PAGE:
St Constantine the Great, York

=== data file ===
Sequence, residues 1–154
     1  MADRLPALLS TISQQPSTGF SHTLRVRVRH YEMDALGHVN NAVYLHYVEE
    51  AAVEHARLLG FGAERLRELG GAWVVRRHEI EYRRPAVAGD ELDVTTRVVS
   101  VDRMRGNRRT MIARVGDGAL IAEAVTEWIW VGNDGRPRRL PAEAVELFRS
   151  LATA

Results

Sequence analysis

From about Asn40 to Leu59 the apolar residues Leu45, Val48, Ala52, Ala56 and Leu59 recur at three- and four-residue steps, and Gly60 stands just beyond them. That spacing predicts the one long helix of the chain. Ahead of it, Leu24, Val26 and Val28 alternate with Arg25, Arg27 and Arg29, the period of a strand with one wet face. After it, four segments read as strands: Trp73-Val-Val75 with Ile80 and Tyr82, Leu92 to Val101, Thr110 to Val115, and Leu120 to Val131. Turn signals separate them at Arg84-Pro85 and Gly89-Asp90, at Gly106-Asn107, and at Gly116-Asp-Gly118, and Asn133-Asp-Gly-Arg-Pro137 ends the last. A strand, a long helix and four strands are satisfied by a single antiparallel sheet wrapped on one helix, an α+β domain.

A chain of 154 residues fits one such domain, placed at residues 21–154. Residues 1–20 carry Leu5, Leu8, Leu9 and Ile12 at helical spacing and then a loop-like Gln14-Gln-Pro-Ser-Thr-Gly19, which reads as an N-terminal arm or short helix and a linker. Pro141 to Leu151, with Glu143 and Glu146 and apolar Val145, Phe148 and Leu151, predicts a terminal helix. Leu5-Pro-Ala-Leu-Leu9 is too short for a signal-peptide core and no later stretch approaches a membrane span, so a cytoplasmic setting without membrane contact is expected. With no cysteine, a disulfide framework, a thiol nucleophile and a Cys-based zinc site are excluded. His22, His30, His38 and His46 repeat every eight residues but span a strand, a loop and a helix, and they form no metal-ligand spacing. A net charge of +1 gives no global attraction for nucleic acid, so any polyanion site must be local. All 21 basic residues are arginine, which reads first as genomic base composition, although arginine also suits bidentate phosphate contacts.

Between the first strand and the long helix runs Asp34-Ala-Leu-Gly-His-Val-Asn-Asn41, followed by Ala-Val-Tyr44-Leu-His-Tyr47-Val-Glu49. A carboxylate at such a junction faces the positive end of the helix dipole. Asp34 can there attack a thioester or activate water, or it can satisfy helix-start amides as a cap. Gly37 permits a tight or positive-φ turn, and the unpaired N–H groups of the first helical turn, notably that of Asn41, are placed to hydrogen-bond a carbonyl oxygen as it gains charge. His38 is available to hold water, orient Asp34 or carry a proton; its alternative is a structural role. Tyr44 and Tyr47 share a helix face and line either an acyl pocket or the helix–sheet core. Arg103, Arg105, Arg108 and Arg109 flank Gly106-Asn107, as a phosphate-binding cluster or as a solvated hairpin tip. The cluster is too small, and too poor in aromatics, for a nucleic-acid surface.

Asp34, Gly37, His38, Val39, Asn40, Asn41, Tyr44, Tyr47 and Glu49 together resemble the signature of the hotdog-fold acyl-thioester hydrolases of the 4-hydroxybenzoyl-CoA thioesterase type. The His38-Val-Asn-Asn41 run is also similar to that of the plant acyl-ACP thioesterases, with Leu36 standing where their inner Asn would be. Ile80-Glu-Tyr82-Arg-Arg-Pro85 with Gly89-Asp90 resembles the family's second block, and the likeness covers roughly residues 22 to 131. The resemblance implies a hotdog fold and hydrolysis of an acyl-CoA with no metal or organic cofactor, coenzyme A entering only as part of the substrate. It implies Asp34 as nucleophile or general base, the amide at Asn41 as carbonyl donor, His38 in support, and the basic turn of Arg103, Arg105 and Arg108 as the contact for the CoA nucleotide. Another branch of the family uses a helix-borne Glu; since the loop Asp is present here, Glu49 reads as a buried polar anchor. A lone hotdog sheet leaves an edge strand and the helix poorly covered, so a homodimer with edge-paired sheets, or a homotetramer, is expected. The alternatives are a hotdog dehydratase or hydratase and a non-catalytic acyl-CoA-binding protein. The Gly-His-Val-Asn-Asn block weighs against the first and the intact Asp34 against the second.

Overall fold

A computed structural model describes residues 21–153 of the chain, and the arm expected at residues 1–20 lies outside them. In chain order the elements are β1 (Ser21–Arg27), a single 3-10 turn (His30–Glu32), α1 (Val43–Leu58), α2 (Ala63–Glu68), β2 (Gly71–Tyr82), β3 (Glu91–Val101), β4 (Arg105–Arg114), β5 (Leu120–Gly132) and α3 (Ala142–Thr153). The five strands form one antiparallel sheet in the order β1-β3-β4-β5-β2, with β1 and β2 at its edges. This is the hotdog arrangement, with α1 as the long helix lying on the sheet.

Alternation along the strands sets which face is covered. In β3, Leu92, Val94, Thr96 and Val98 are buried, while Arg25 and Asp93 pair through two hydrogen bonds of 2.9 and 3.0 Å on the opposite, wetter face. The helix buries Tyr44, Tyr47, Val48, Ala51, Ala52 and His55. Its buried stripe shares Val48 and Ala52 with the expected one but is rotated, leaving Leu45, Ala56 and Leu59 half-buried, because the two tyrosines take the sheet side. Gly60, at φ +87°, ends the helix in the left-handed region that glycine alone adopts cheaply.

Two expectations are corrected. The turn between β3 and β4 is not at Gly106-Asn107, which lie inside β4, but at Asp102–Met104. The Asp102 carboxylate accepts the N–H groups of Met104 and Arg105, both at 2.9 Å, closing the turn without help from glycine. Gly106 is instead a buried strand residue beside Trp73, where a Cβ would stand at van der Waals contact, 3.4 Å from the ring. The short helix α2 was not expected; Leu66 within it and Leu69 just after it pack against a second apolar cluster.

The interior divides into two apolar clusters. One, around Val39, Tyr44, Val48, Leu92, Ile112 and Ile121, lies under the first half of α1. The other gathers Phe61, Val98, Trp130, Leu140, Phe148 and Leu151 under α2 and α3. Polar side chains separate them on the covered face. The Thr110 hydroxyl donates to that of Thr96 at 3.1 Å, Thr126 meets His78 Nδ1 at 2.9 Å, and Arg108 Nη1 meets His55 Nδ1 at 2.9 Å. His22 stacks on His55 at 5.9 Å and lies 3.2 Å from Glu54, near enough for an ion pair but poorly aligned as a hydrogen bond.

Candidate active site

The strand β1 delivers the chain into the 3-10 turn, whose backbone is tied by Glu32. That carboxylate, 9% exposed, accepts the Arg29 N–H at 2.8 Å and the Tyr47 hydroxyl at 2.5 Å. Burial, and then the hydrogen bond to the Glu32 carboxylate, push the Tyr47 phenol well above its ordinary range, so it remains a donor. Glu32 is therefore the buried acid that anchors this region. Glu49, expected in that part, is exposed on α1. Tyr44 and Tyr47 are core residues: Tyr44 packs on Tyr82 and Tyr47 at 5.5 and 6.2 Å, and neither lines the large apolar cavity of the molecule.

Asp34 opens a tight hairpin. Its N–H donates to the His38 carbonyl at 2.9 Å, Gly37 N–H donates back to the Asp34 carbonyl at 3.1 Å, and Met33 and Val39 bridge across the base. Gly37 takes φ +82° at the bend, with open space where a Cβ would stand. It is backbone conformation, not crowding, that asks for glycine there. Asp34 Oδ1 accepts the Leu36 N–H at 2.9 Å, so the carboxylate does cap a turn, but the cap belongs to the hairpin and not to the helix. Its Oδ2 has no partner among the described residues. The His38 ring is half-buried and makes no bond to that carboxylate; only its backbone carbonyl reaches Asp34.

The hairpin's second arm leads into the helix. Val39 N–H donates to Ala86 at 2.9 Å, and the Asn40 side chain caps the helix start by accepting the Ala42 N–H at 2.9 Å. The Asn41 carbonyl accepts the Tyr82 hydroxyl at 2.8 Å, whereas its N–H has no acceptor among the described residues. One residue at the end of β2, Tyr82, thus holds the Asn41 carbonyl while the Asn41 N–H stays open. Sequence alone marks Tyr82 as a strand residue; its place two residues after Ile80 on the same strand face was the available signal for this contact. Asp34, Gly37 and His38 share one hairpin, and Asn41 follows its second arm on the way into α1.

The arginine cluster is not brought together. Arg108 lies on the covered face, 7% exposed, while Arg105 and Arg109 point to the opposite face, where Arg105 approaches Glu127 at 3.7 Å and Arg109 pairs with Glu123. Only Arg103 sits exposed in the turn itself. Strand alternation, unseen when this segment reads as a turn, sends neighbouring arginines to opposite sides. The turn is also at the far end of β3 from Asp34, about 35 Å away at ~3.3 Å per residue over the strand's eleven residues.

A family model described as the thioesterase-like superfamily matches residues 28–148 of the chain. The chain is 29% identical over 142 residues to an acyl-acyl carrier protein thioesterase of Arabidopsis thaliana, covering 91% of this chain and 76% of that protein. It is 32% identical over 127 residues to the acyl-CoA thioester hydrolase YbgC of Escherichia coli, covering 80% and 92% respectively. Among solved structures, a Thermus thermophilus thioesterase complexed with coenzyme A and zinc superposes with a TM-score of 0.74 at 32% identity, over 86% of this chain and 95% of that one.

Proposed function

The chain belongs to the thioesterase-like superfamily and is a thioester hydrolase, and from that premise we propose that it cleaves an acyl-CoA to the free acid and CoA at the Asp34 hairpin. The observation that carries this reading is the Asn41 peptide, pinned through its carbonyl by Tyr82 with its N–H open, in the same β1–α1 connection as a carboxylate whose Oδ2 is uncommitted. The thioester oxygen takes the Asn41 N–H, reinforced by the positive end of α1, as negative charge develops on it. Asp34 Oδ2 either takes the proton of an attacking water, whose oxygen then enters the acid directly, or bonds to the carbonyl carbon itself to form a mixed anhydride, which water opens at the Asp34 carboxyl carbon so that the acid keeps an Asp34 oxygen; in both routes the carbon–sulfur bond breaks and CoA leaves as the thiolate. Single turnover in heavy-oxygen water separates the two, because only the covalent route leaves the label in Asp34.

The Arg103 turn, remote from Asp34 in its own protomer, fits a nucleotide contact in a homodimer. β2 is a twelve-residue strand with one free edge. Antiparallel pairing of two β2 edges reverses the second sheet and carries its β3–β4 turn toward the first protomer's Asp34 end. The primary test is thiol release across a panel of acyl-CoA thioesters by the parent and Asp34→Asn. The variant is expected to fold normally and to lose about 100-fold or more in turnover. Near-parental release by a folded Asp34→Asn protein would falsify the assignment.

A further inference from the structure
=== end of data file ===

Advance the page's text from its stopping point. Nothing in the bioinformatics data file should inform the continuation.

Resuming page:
In 2004 the Principal of York St John College, Professor Dianne Willcocks, needed an Orthodox Chaplain to support Orthodox students at the college. She approached Fr. Æthelwine, and he and his wife Susanna responded readily. During the next 12 months the college became the newly-named York St. John University and Fr. Æthelwine was appointed as Chaplain to the Orthodox students. With the assistance of the University Chaplaincy a service of Sunday Liturgy was established every fortnight in the University Chapel. Since then the congregation has grown. The "Orthodox Community of St. Constantine the Great", as it became known, gradually altered its nature from a chaplaincy to a full parish, as more of the congregation became composed of ordinary Orthodox laypeople, unconnected with the University. This change has been accelerated by the building of a website which brought the community to wider attention, bringing in both Orthodox Christians, and those from outside the Church seeking to become Orthodox. Now the parish has two priests and a deacon. Divine Liturgy is served every Sunday, and in addition services are also held for the Great Feasts. The Paraklesis to the Mother of God is at vespers once a month. Confessions are heard regularly and baptisms, chrismations, and even marriages, have been performed, as the parish has grown. Today the parish is continuing to flourish, thanks be to God, and still has a congregation with significant numbers of young adults, but now all ages are represented from new-born babes to people in their 80s. They come from a wide range of nationalities and ethnicities: some born into Orthodox families, others long-time converts to the Church and also those who are new to the life of an Orthodox Christian or actively seeking membership through the Catechumenate. The York parish is rather unusual in that there is no other Orthodox parish offering regular Sunday Liturgy in either North Yorkshire or the East Riding, so that in addition to residents from in and around York, we have parishioners who make the long journey to York from quite far afield, either regularly or occasionally as their personal circumstances permit. We also offer support to Orthodox Christians who are patients in the hospitals of the York and Scarborough NHS Trust and St. Leonard's Hospice in York. We currently support charitable activities in York (e.g. Carecent which provides breakfast for homeless people in York) and abroad (e. g IOCC). We continue our educational function with individual and group instruction for catechumens and parish discussion groups on Orthodox themes, held in the evenings. These discussion groups are usually coordinated with the fasting periods, (e.g. In Great Lent) and were originally held in person in the chapel. COVID lockdown forced us to move online, but this has actually turned out to be rather beneficial because it has enabled some of our far-flung parishioners, mentioned above, to take part in the meetings more conveniently. We also provide talks about the Orthodox Church and Faith to local schools and other interested groups when invited to do so. Through the good offices of the University Chaplaincy and the Authorities of York St. John University we continue to worship in the chapel, and we are very grateful for their continuing hospitality and support which has been unfailing. The lack of our own church building does have drawbacks, both in terms of when the chapel is available to us (although we must emphasise how incredibly accommodating the University is) and the overhead involved in preparing the chapel for Orthodox worship before each service. Currently the lack of suitable buildings at affordable prices in York seems likely to keep us in the chapel for the time being. We continue to pray for help in achieving a place of our own, with God's grace. One recent bright star on our horizon had been the awarding of Charitable Trust status to the parish by the Charity Commission, and we hope that will help improve our financial position. Meanwhile we continue to stand witness to the Orthodox faith in city in which St. Constantine was originally proclaimed as Emperor and we hope prayers and efforts will be rewarded: as our website proclaims The Church of Antioch in the City of York. Praise and thanks to Almighty God!